“The best thing Maldonado can say is, ‘Yes, I’ve voted for smaller class sizes,’” Pohlhammer says.
“Peg Pinard has a reputation as a winner, even in Republican San Luis Obispo County,” Pohlhammer says.
In fact, she’s never lost a race.
“She’s won her races substantially. She has been very strong on environmental issues and educational issues and civil rights’ issues. She’s been supportive of affordable housing, and that’s a major issue here.”
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“If you call me to go to your home, I will go to your home,” Maldonado said, in the closing minutes of Sunday’s Seaside debate.
But after three weeks and numerous phone calls requesting an interview with the Assemblyman, his campaign still wouldn’t set a date.
Pinard, on the other hand, met with the Weekly at Starbucks, which has become her home away from home for meetings with reporters from Saratoga to Santa Maria.
Pinard’s direct and energetic—a little feisty, even. “I say what I mean, and I do what I say,” she says.
She orders a decaf mocha, with “just a little” whipped cream. “Just sin a little, right?” And she starts right in on the state budget.
“Both parties let us down,” she says. “This is the first time in California history we’ve ever passed a bond just to pay debt. If you ask the average person, ‘Do you believe all of your tax money is spent efficiently and wisely?’ I don’t think you will get a ‘yes’ answer.”
Pinard supports saving money through smart planning, the kind of planning she fought for in San Luis Obispo, steering new housing and development into existing neighborhoods and business areas. This eliminates the need for new roads and sewer systems, and additional cops and firefighters, she says.
She also talks about cutting waste in government commissions and layers of bureaucracy.
“There’s a lot of duplication,” she says. “Sometimes we have a good idea, but we have five ways of doing it, which costs a lot of money.”
To illustrate her point, she describes the cleanup of Avila Beach. She uses this example often in the conversation, to demonstrate her ability to work with government agencies, to demonstrate her commitment to the environment, and to demonstrate her ability to get the job done.
Here’s the story: For more than 100 years, over a half-million gallons of crude oil, gasoline and diesel fuel leaked from Unocal pipelines beneath the town of Avila Beach. For more than a decade Unocal did nothing.
Shortly after being elected County Supervisor in ‘96, Pinard began work on negotiating a settlement agreement with Unocal. It required the oil company to temporarily relocate residents, dig up the contaminated soil, and rebuild the town.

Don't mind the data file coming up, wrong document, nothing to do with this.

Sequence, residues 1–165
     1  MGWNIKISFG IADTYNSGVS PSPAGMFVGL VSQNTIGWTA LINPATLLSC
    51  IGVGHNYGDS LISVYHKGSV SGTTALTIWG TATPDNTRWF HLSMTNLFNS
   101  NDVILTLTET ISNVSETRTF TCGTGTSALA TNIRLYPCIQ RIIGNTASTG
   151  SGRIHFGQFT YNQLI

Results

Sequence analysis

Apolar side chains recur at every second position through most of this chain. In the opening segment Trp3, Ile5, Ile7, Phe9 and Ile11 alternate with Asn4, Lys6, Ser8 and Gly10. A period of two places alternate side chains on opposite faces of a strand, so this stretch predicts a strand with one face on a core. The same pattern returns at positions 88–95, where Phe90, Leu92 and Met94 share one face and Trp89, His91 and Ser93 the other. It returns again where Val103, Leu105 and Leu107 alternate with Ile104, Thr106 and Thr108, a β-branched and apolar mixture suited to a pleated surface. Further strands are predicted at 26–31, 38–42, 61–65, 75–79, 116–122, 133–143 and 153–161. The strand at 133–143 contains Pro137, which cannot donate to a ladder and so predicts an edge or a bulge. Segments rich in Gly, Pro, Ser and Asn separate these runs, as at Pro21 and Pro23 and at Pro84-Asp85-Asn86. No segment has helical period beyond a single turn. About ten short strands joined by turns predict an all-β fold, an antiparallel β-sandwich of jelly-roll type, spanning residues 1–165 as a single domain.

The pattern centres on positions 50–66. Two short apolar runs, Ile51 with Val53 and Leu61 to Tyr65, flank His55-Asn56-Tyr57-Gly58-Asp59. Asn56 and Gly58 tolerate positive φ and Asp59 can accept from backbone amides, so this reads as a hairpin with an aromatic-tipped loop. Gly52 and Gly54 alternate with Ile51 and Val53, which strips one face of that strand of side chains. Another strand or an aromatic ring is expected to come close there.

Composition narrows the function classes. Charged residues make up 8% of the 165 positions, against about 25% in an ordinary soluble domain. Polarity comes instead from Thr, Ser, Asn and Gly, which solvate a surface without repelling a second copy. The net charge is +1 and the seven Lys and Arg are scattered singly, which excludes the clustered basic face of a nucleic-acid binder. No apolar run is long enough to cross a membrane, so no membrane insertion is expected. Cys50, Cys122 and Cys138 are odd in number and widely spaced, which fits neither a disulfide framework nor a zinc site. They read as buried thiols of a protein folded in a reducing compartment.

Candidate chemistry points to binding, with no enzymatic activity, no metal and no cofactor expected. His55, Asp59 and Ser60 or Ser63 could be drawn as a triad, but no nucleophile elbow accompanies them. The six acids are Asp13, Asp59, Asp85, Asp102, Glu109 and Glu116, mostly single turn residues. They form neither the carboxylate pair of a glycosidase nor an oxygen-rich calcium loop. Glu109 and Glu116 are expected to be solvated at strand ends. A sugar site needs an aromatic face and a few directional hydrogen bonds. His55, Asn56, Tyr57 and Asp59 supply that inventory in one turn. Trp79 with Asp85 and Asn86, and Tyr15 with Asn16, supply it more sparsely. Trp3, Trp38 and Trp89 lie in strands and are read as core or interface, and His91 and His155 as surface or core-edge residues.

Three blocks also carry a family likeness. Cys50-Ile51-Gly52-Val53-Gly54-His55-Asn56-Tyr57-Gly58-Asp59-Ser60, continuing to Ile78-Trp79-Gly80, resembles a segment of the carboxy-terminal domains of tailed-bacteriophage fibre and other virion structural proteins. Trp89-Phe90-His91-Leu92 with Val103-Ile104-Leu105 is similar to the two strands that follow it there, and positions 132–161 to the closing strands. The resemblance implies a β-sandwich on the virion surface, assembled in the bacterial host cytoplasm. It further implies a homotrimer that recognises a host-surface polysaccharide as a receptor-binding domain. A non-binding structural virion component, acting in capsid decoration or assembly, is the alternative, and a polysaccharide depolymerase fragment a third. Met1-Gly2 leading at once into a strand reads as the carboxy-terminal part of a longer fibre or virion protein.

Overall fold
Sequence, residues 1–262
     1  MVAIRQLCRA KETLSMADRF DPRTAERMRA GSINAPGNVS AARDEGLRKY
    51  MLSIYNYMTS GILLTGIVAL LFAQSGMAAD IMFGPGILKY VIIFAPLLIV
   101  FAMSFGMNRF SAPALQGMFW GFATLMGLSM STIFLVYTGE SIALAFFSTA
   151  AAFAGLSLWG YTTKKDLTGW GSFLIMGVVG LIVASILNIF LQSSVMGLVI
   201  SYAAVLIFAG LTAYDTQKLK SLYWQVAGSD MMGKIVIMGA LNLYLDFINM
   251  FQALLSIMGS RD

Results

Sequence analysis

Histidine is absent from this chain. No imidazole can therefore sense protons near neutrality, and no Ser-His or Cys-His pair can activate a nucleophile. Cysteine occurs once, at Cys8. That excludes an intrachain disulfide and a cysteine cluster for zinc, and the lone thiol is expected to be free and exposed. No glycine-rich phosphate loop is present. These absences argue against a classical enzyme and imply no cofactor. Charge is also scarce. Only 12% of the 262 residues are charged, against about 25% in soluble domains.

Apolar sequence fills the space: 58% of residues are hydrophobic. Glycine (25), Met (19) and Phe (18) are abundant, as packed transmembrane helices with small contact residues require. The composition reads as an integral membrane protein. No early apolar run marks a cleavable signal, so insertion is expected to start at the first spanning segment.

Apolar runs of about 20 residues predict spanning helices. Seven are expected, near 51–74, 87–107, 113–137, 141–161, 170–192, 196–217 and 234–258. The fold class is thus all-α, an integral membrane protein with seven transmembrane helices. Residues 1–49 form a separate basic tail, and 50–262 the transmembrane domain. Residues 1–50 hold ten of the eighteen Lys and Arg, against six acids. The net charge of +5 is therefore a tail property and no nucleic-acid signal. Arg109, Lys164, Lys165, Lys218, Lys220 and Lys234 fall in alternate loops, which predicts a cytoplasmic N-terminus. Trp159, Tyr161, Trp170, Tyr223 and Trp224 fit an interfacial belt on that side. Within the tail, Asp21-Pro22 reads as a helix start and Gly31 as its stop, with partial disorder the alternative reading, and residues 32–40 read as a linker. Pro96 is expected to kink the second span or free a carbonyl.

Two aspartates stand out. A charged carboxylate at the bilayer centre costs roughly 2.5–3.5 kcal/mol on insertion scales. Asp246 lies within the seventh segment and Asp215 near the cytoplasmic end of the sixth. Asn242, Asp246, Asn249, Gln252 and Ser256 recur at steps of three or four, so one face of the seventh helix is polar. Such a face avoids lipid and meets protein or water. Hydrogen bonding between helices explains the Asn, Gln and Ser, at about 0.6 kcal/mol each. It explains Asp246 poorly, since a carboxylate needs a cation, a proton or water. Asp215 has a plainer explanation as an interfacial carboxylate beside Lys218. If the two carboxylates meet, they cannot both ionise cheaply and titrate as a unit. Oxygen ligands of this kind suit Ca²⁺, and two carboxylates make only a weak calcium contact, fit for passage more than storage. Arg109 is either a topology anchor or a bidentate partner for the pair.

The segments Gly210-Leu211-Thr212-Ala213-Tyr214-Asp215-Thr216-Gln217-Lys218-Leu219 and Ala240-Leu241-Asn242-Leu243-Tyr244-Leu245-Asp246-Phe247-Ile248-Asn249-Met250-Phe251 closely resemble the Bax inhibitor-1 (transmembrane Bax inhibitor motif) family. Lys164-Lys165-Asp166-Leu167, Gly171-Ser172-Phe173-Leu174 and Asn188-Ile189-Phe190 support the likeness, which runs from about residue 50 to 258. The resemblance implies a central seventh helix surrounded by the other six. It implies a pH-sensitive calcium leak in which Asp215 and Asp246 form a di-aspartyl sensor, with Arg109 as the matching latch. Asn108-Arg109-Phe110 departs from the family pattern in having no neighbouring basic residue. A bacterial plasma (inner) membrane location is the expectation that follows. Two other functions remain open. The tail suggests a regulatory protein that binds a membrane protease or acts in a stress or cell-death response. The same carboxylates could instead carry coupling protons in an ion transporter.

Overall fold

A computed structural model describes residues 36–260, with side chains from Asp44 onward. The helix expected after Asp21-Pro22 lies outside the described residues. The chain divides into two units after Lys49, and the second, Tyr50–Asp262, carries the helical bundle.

Some of the mitigation funds from the cleanup were used to preserve thousands of acres of coastal hills and open space. She also negotiated 33 new affordable homes out of the deal.
The California Attorney General called the negotiation, “perhaps the largest environmental settlement in California history.”
“Now this spill was larger than Exxon Valdez, only it was on the ground,” Pinard says. “I got all the agencies to work together and we got the job done. And Unocal is now my supporter.
“We need to see more of this working together at the state level. We don’t have to give up the goal of clean air, clear water, of preserving our coastline and open space. We don’t have to diminish our values; we just have to make our processes work better. And I did that.”
As mayor, she also made the city more “pedestrian friendly” through smart-growth changes to the General Plan, and upped the affordable housing requirement.
The old rules required new subdivisions to build one affordable unit for every 10 new homes, or developers could buy their way out. Pinard’s General Plan required one affordable home for every five market-rate units. Period. No buying out.
She says the redrawn Senate maps “make no sense.” (Her opponent voted for the new districts.) And although she lives one county away, Pinard insists she can effectively represent the Monterey Peninsula.
“A lot of the issues Monterey faces are very similar [to San Luis Obispo’s],” she says. “People who live here are concerned about coastal protection, and they are sensitive to the environment. There are also the very common issues of water, housing and traffic. And taken to the state level, you also have the issues of education and health care.
“I’m already known throughout my own district as being extremely accessible,” she continues. “I have people call me up and I have to say, ‘You know, you are actually in so-and-so’s district.’ They say, ‘I know, but they don’t return my phone calls.’”
Pinard does return phone calls, and that, at least, is more than we can say about her opponent.